The judges noted that in decisions like this the government had greater discretionary powers while the High Court's jurisdiction was extremely limited and reserved for exceptional circumstances.
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Earlier Wednesday the State Prosecutor's Office asked the High Court of Justice to reject the petition filed against the government's decision to release Israeli-American citizen Ilan Grapel from Egypt in return for 25 Egyptian inmates incarcerated in Israel.
In its response to the petition, the state said, "It is a pure diplomatic procedure as the considerations that should be taken into account are of a political-diplomatic nature and are at the heart of the executive branch's authority."
The state firmly rejected a central claim made by the petitioners – MK Michael Ben-Ari and the 'Our Israel' movement – by which the decision was not binding since it was reached in the security cabinet. "The government is permitted to decide that certain decisions are to be voted on in the cabinet."
From left: MK-Ben Ari, Baruch Marzel and Itamar Ben-Gvir at court on Wednesday (Photo: Gil Yohanan)
According to the state, "There is no need to speak at length about the importance of the ties between Egypt and Israel and the preservation of trust between the two countries at this point in time and in general."
In its reply, the state clarified that the cabinet made all the relevant considerations about the benefit in Grapel's release, including the diplomatic ones related to the relationship with Egypt and the fact that a relatively small number of prisoners who were not involved in terrorist operations would be released.
The cabinet unanimously approved the deal on Tuesday, by which Grapel – who has been held in Egypt for over four months on espionage charges – will be released in exchange for 25 Egyptian prisoners.
The deal includes three minors and does not include any security prisoners. Grapel is set to be released Thursday.
As in all such prisoner exchange deals, the State afforded a 48-hour window for the public to contest the deal.
MK Ben Ari moved to have the deal suspended based on what he called the cabinet's lack of authority over the matter: "Grapel chose to defy a travel advisory issued for Egypt because of his radical leftist ideology and of his own free will."
The petition further argues that the cabinet "exceeded its authority," by approving the deal, and that it constitutes "a matter of State and between states that should be decided by the Knesset."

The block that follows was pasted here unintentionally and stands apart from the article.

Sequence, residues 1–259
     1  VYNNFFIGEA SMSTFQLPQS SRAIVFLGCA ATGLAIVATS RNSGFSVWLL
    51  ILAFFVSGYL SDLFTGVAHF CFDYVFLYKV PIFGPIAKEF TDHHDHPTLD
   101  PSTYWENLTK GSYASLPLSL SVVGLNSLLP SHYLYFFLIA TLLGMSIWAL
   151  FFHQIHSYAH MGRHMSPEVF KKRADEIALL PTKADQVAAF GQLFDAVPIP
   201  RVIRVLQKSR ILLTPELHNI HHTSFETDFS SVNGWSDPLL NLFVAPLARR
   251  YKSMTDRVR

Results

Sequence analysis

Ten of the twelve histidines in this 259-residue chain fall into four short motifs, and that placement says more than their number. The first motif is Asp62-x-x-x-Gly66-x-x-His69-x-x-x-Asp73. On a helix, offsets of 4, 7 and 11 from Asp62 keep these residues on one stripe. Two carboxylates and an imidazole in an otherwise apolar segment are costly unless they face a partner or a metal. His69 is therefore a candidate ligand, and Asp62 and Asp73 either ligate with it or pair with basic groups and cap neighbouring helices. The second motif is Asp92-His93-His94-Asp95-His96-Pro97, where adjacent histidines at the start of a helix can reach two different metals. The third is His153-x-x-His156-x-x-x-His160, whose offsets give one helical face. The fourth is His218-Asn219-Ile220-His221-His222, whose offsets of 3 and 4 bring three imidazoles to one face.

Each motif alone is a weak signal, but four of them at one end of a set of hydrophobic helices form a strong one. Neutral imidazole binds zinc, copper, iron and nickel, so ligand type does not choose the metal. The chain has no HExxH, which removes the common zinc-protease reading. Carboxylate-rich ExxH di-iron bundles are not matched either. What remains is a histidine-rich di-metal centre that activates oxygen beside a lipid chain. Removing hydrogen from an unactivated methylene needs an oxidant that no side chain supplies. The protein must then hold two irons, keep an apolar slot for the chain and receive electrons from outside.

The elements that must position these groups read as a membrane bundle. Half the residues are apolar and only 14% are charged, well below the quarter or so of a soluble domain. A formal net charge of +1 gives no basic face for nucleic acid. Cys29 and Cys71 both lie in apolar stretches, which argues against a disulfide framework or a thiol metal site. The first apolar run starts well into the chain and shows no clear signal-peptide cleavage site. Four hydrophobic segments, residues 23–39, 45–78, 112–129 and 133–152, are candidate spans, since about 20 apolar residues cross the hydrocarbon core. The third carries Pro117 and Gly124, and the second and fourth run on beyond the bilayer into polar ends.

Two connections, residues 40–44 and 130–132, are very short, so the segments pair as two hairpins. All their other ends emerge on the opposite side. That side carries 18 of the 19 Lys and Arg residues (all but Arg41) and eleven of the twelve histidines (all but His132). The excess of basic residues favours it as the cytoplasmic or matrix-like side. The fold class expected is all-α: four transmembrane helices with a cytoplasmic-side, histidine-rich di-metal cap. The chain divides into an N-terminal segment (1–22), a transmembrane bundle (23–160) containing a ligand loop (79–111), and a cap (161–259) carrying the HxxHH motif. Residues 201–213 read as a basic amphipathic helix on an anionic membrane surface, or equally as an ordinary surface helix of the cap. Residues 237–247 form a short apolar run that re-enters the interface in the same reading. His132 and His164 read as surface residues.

The petition also claims that "releasing (25) terrorists in exchange for Mr. Grapel is disproportionate and unreasonable."
While the petitioners concede to the fact that the while they are aware that the High Court of Justice does not interfere in decisions of such political nature, the Grapel deal is different that the Shalit deal. The Shalit deal as also contested in court prior to its execution.
"This is a grown man, an American national, who took it upon himself to intervene in matters that were none of his business. He was aware of the risk he was taking. The Israeli media ran numerous travel advisories warning against travelling to Egypt, but Mr. Grapel decided to ignore them," the petition said.
"Given the circumstances and with the release of dangerous terrorists in the balance, one must ask – shouldn’t a citizen be held accountable for his actions? Should the State of Israel be obligated to bear the devastating consequences… of the release of these criminals for the sake of securing the release of someone who willingly chose his destination."
Grapel is expected to return to the US following his release. The prisoner exchange deal was sanctioned by Shin Bet Chief Yoram Cohen, Police Commissioner Yohanan Danino and Prison Commissioner Aharon Franco, as well as by Military Intelligence and Foreign Ministry officials.
The Almagor Terror Victims Association is also expected to file a petition against the deal.
Raanan Ben-Zur contributed to this report
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